Carbon Monoxide- what and why is it a problem

Carbon Monoxide (often shortened to its chemical nomenclature of CO) is gas. It is produced by the incmoplete combustion of carbon based fuels- carbon based fuels include wood, coal, gas and oil.

In normal situations carbon based fuels are perfectly safe to use, carbon monoxide forms when there is not enough oxygen present to allow complete combustion to form Carbon Dioxide (CO2).

The problem with CO is that it is colourless, tastless and odourless thus making it very hard to detect. To add to this it is toxic to humans and animals at higher concetrations. CO competetively binds (once breathed in) with haemaglobin in the blood stream in the place where oxygen would normally be transported. However, the formed carboxyhaemaglobin is not effective at delivering oxygen to the bodies tissues. So in cases on poisoning the body essentially becomes starved of oxygen.

The most commonly reported symptoms of CO poisoing may unfortuately resemble other types of medical issues, thus not identifying the problems early enough. Symptoms include headaches, nausea and vomitting, diziness and general fatigue or weakness. The only real way to diagnose potential CO poisoning is to measure CO levels (or the carboxyhaemaglobin versus haemaglobin ratio) in the blood stream.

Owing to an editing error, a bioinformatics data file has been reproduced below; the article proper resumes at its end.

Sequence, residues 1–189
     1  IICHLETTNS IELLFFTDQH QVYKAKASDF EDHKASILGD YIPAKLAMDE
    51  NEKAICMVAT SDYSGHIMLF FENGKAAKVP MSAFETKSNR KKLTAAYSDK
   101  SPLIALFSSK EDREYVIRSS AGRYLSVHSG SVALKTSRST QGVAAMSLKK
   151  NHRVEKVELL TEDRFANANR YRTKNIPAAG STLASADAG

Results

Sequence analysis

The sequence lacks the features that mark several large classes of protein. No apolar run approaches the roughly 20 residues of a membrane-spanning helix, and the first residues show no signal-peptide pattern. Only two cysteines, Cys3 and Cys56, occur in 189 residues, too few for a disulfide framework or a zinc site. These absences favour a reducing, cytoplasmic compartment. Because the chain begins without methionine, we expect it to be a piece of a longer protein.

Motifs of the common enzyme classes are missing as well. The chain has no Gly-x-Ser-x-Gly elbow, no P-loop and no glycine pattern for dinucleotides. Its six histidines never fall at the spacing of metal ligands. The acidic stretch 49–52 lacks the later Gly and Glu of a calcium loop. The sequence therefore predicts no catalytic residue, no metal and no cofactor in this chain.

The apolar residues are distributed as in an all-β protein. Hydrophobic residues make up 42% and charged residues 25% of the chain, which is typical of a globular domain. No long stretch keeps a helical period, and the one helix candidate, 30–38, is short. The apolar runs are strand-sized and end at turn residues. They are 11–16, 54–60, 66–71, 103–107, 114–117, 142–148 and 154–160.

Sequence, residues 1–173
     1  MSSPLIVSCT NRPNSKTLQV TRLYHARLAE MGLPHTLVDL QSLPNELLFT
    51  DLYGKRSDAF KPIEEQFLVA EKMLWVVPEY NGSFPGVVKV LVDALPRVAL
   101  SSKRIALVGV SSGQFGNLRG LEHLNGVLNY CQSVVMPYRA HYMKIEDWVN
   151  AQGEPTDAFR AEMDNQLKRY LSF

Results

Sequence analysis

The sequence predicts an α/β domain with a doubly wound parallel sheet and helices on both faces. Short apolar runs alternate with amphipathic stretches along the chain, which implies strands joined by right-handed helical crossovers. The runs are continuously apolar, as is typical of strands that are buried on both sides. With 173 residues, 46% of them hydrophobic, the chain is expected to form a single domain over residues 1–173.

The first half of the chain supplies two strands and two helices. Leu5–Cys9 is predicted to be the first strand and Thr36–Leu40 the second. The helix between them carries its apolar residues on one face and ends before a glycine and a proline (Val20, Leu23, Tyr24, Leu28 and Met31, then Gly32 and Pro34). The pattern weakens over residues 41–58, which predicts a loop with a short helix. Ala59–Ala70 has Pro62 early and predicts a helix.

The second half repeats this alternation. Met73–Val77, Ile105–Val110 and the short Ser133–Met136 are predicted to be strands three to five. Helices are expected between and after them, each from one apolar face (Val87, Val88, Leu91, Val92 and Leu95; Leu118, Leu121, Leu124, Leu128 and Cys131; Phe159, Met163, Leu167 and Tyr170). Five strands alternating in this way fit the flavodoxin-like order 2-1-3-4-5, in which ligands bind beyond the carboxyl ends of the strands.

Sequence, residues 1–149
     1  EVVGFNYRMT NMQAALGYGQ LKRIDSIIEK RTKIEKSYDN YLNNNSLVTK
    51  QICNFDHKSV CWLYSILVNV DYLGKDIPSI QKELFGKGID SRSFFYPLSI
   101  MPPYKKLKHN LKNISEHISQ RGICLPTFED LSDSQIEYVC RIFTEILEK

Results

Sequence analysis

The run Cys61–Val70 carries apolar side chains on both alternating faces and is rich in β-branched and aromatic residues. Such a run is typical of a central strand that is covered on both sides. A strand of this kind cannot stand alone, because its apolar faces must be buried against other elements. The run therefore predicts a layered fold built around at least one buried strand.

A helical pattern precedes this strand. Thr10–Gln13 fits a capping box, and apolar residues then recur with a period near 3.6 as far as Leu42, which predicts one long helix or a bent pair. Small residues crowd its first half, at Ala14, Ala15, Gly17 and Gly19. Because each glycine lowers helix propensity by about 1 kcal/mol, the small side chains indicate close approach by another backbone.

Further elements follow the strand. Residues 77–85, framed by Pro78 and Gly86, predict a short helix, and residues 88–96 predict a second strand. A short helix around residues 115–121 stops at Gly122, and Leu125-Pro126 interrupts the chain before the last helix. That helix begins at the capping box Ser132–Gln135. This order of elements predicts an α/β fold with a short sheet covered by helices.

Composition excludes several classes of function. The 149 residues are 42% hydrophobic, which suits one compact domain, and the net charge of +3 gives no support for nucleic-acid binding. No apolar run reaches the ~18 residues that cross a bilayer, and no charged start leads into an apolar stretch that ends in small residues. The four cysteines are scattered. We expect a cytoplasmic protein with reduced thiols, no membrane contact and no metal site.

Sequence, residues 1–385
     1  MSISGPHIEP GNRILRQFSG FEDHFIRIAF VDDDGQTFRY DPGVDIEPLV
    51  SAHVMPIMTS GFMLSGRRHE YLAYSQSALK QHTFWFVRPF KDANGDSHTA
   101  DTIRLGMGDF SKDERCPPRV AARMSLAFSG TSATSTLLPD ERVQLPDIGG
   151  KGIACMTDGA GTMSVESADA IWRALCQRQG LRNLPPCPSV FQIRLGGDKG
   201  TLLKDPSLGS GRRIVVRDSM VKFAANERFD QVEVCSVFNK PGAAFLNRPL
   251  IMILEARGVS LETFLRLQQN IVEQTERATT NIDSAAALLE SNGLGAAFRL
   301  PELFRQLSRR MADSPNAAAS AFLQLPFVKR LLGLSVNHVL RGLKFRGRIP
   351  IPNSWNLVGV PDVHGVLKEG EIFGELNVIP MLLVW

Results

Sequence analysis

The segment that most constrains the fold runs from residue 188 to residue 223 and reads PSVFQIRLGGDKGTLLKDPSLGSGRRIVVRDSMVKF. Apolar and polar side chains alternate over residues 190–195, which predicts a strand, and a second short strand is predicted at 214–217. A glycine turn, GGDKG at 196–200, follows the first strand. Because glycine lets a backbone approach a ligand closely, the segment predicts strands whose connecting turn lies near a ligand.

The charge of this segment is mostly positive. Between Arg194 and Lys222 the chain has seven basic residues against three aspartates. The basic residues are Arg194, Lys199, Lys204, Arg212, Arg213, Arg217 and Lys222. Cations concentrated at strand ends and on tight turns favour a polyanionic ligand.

The combination of its difficutly to detect by humans coupled with its non-specific clinical signs means that carbon monoxide is a slient killer. Have a look at the below checklist as this may help to pinpoint if it is CO is making you ill:

Other signs that could point to carbon monoxide poisoning:

  • Your symptoms only occur when you are at home
  • Your symptoms disappear or get better when you leave home and come back when you return 
  • Others in your household are experiencing symptoms (including your pets) and they appear at a similar time 

The good news is that carbon monoxide can be easily detected in most environments with a suitable carbon monoxide alarm!